Ubitus Enters the Growing Cloud Gaming Market, but What Sets Them Apart?

By Elijah Labby Tuesday, November 17, 2020

It would be difficult to find a person today who does not participate in some form of online gaming. Since the explosion of smartphone technology in the late 2000s, mobile games like Words With Friends, Clash of Clans, and Mario Kart Tour have become incredibly popular. Similarly, as traditional gaming consoles have progressed to include web-based multiplayer game options, mainstay gaming companies like Xbox and Playstation have begun an increased focus on cloud game downloads as opposed to discs and cartridges.

Ubitus is a company focusing on cloud-based mobile gaming and is now attempting to move into the Android gaming space. Late last week, the company announced that they would be using Intel’s cloud rendering software framework as well as its Server GPU to attempt to deliver superior gaming performance on Android.

“With this solution, we are confident we can make cloud gaming more economically viable and more ubiquitous," said Wesley Kuo, CEO of Ubitus.

The Future of Gaming

Some experts believe that cloud gaming will entirely replace the current gaming infrastructure as soon as the next generation. Yves Guillemot, the CEO of Ubisoft, which has made enormously popular games like Assassin’s Creed, Watch Dogs, and Far Cry, is one of these experts.

“There will be one more console generation and then after that, we will be streaming, all of us,” Guillemot told Variety.

With the recent blockbuster releases of both the Xbox Series X console as well as the PlayStation PS5, it is clear that the market has not yet reached this point. However, these companies have already made big strides to enter an industry that was worth $320 million in 2019 and anticipated to grow to a value of $7.24 billion by 2027.

Playstation, for its part, has unveiled PlayStation Now, which provides users with hundreds of games on a subscription basis. Xbox, likewise, released Xbox Game Pass cloud gaming in 2020.

Some relative newcomers to the industry have also attempted to cement their place in the fledgling market. Google’s Stadia service can stream video games from popular developers Electronic Arts and Sega at up to 4K at 60 frames per second. Amazon has also announced its cloud gaming offering, dubbed Amazon Luna, that costs only $5.99 a month for unlimited play hours in an expanding slate of games on various platforms.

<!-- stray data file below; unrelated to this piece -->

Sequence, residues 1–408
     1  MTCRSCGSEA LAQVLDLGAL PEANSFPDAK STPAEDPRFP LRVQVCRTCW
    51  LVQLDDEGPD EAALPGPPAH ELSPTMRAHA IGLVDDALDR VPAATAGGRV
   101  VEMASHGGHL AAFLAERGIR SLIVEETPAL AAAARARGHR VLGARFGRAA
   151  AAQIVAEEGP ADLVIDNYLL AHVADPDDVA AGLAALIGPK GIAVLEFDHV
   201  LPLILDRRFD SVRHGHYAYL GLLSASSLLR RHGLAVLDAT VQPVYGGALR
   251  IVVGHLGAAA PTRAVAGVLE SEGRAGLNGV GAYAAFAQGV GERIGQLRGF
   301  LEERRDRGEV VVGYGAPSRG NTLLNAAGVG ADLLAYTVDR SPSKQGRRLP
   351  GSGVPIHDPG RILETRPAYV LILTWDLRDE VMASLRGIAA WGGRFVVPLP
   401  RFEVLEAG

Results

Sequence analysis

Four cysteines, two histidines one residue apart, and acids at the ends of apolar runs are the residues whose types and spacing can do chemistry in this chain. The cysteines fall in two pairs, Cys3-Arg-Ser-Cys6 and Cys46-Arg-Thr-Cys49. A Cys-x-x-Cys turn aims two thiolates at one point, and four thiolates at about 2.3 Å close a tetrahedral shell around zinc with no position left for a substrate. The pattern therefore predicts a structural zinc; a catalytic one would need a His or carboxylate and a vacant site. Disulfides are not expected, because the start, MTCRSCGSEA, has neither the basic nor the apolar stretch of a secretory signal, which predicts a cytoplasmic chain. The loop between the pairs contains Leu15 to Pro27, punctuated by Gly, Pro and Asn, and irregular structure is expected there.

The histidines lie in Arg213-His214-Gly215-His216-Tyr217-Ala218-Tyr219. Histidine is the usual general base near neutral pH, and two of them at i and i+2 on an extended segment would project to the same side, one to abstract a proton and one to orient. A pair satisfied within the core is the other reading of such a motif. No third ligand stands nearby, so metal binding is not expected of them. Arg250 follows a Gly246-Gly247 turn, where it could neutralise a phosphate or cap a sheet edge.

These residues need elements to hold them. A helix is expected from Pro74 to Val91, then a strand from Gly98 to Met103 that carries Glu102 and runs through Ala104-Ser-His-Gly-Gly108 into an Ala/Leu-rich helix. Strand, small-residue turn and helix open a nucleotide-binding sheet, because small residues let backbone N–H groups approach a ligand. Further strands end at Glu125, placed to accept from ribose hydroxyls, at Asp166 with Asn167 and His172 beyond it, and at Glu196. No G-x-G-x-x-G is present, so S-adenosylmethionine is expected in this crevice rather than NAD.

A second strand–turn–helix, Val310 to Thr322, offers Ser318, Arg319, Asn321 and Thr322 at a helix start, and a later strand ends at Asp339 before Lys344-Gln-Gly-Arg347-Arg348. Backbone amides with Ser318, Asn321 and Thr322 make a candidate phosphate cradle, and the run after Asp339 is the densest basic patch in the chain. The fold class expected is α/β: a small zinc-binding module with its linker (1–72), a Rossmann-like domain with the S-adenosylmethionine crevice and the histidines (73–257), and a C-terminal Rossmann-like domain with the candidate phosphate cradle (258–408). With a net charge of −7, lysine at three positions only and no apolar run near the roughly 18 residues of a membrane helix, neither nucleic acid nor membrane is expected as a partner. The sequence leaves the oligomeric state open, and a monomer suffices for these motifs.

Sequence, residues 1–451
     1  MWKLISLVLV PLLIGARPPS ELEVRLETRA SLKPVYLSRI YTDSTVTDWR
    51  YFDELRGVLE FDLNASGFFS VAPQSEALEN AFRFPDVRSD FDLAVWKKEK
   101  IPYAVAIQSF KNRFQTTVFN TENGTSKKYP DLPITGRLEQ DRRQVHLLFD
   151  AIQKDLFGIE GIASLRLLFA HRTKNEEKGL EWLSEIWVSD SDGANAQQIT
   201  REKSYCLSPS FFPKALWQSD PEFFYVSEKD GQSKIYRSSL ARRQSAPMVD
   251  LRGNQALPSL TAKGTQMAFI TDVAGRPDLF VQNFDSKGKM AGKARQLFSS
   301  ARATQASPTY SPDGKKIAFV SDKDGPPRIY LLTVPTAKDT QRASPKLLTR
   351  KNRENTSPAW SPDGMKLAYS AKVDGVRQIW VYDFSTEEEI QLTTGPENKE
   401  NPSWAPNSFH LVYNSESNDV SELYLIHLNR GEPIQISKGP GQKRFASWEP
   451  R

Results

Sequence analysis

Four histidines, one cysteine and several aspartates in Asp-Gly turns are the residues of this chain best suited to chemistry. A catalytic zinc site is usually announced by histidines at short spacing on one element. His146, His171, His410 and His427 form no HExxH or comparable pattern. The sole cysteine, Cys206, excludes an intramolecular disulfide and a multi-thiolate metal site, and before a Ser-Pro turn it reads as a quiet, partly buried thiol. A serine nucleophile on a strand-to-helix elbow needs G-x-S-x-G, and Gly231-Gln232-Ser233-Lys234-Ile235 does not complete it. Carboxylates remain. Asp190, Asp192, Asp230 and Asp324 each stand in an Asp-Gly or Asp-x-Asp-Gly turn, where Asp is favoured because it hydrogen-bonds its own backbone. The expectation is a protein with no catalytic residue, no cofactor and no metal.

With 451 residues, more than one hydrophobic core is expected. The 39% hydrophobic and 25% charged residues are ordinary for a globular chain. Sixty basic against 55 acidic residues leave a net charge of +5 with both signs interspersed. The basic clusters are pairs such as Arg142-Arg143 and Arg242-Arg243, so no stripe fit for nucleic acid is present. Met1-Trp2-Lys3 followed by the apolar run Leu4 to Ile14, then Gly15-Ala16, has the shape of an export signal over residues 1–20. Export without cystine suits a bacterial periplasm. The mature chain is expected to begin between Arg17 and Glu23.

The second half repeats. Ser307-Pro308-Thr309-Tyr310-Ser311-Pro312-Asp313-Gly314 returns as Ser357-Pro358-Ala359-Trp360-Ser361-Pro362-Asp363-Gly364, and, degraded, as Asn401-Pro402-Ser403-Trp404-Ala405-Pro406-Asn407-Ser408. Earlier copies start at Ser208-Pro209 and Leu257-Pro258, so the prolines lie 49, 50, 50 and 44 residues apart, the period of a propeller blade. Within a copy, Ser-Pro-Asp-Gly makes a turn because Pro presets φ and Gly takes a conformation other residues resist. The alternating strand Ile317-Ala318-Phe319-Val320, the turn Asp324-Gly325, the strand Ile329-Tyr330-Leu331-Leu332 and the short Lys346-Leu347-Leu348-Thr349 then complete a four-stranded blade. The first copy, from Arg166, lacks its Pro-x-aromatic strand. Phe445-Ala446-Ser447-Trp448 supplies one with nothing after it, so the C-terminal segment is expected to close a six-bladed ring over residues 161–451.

The coronavirus, however, has drawn attention to the fact that internet connectivity across the country can be sparse. This could be a liability for these cloud gaming companies, all of which boast high definition graphics capabilities that are entirely dependent on the existing broadband connections of the gamers themselves.

Still, the majority of Americans own a smartphone, which is where Apple, Facebook, and even Amazon have placed a large part of their focus. Amazon’s success in partnering with Apple for its Luna service has been in stark contrast to Facebook, who, due to Apple’s cloud gaming policies, has been unable to launch on iOS.

"Apple treats games differently and continues to exert control over a very precious resource," said Jason Rubin, vice president of Play at Facebook. "Stay tuned as we work out the best way for people to play games when and how they want, regardless of what device they bought."

Facebook’s focus on free, ad-based funding of its ventures has been enormously successful in the past, and they stand to gain quite a bit from in-app purchases and ad revenue. Microsoft has also seen its revenue jump in response to the new developments, to the tune of a 22% increase in gaming revenue in the recently finished quarter, and a jump in Xbox revenue of 30%.

Importance of Feedback to the Growing Cloud Gaming Market

However, what the streaming companies’ successes come down to are not necessarily the size of the platform or its offerings, but customer satisfaction. Marc Whitten, vice president at Amazon Entertainment Devices and Services, sees Amazon’s move into gaming as an opportunity to hear from customers what they want out of their chosen gaming service.

"We are just getting started and need streamers and players of all kinds — core, casual, and first-time gamers — to provide feedback," he said.

In an increasingly online world, gaming is bound to follow. And, for consumers, the degree to which corporations listen to that feedback may make all the difference.

About the Author


Headshot for author Elijah Labby

Elijah Labby is a graduate of the National Journalism Center. He has previously written for Broadband Breakfast, a technology and internet policy website.

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